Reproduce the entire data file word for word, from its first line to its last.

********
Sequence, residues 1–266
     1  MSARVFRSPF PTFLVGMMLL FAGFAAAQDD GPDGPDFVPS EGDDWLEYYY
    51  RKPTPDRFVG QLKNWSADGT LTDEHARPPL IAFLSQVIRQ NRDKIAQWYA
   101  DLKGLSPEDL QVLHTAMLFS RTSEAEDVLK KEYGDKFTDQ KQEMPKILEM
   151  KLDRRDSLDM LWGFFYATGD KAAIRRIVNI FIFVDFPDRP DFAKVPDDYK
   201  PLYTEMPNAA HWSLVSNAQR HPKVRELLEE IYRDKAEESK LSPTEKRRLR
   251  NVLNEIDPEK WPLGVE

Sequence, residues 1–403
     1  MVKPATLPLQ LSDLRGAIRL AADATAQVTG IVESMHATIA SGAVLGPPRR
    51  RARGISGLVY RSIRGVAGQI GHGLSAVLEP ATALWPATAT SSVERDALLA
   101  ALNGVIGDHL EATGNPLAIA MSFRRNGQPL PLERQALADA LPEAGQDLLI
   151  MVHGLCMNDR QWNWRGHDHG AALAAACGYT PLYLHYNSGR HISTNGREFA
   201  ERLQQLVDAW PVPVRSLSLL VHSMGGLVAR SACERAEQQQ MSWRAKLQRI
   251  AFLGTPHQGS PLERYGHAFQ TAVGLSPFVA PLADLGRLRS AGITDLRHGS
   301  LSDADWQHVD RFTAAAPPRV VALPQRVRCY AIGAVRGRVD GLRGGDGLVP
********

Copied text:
Sequence, residues 1–266
     1  MSARVFRSPF PTFLVGMMLL FAGFAAAQDD GPDGPDFVPS EGDDWLEYYY
    51  RKPTPDRFVG QLKNWSADGT LTDEHARPPL IAFLSQVIRQ NRDKIAQWYA
   101  DLKGLSPEDL QVLHTAMLFS RTSEAEDVLK KEYGDKFTDQ KQEMPKILEM
   151  KLDRRDSLDM LWGFFYATGD KAAIRRIVNI FIFVDFPDRP DFAKVPDDYK
   201  PLYTEMPNAA HWSLVSNAQR HPKVRELLEE IYRDKAEESK LSPTEKRRLR
   251  NVLNEIDPEK WPLGVE

Sequence, residues 1–403
     1  MVKPATLPLQ LSDLRGAIRL AADATAQVTG IVESMHATIA SGAVLGPPRR
    51  RARGISGLVY RSIRGVAGQI GHGLSAVLEP ATALWPATAT SSVERDALLA
   101  ALNGVIGDHL EATGNPLAIA MSFRRNGQPL PLERQALADA LPEAGQDLLI
   151  MVHGLCMNDR QWNWRGHDHG AALAAACGYT PLYLHYNSGR HISTNGREFA
   201  ERLQQLVDAW PVPVRSLSLL VHSMGGLVAR SACERAEQQQ MSWRAKLQRI
   251  AFLGTPHQGS PLERYGHAFQ TAVGLSPFVA PLADLGRLRS AGITDLRHGS
   301  LSDADWQHVD RFTAAAPPRV VALPQRVRCY AIGAVRGRVD GLRGGDGLVP